Now I find out that an architecture charity also likes Bikes Not Bombs — enough to donate time to renovate the shop.

The Christian Science Monitor and Cathryn J. Prince have the story.

“Inside the sleek steel and cement workshop of Bikes Not Bombs in Boston’s Jamaica Plain neighborhood, at-risk youths recondition bicycles before sending them on for use in developing countries.

“Halfway across the country at the University of Minnesota Amplatz Children’s Hospital, a ‘showcase suite’ shows how a child’s hospital room can be made less intimidating and more comfortable.

“The ‘1 percent’ built the bike-repair workshop. The ‘1 percent’ also built the hospital room.”

The 1% program of Public Architecture, based in San Francisco, “connects nonprofit groups in need of design assistance with architecture or design firms. The name for the group comes from the idea that if firms across the country donate just 1 percent of their time each year to charitable work it would equal 5 million hours. …

” ‘In a moment of ambitious insanity, I decided to start a nonprofit,’ says John Peterson, the founder and president of The 1%. …

“Most architecture and design firms, he found, were unfamiliar with the idea of doing pro bono work. Initially, holding design competitions was the only way to get firms to participate.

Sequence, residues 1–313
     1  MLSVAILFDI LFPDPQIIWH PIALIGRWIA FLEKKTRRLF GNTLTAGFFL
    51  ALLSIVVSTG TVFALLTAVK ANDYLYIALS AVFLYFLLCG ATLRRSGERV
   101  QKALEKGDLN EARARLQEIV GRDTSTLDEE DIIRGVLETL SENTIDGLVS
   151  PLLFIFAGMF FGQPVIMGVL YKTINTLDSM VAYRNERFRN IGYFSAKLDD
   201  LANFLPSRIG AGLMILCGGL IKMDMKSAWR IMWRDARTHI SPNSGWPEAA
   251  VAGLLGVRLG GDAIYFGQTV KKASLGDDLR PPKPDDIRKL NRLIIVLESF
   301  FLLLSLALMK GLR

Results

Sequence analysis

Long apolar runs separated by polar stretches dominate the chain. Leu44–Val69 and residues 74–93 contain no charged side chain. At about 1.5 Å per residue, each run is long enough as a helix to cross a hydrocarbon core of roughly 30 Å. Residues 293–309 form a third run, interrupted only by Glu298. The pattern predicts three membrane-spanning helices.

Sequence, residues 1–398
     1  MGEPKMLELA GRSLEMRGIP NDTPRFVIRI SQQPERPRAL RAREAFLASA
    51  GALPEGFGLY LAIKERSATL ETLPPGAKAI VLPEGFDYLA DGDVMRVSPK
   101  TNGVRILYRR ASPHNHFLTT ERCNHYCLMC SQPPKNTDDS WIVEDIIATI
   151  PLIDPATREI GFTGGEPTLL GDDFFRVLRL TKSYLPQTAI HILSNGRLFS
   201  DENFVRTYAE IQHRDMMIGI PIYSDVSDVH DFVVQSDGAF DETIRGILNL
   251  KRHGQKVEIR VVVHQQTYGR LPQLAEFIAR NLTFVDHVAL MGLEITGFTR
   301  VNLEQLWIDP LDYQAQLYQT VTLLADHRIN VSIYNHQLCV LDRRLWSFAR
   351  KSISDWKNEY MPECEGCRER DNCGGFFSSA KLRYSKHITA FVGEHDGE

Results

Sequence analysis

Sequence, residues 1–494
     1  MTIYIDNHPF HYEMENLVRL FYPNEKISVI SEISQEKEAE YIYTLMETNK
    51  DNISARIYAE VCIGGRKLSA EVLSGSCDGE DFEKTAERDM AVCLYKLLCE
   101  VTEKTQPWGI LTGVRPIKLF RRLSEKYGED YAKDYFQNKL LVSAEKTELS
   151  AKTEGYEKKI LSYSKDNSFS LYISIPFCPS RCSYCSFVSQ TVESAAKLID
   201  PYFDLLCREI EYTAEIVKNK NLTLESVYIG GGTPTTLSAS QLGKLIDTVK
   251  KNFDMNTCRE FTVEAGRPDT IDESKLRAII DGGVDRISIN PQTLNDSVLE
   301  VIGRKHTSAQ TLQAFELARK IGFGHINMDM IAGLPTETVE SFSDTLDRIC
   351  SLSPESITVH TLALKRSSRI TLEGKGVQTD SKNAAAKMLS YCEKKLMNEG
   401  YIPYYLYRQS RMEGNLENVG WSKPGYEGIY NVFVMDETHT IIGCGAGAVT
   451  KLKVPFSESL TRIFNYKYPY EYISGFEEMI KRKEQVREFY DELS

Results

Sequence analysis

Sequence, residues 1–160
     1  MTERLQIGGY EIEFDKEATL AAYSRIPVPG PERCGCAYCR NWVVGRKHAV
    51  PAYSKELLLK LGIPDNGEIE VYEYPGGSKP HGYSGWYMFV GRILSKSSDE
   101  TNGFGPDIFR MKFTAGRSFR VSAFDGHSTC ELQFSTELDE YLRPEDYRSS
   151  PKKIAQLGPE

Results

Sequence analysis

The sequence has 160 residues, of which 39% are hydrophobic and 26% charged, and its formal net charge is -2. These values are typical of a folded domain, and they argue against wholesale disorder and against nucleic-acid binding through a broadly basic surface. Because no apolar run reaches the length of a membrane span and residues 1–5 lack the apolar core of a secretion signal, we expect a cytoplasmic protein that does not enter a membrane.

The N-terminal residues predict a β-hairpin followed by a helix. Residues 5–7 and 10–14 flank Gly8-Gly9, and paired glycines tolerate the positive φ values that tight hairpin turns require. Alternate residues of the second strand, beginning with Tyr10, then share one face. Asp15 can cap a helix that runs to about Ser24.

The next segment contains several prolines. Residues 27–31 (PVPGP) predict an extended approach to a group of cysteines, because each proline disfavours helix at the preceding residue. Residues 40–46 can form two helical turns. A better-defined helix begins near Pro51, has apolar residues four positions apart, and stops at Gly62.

“ ‘But competition [projects] rarely get built,’ says Amy Ress, project manager for The 1% program. ‘We wanted to do projects that would get built.’

“Mr. Peterson launched The 1% in 2001. More than 10 years later, more than 1,000 architecture and design firms (between 3 percent and 5 percent of all American architectural firms) and 600 nonprofit organizations are participating. About 18 new firms join each month, he says.

“One of the earliest design ideas was The Station, which would serve as a gathering point for day laborers. Day laborers normally must hang out at spaces meant for other uses, such as gas stations and parking lots. Today a handful of official Day Labor centers exist across the country.”

More.

Photograph of John Peterson: The 1% program of Public Architecture

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More and more nonprofits are creating investment opportunities for well-wishers who want to support the charity’s mission while also receiving a modest return on their money.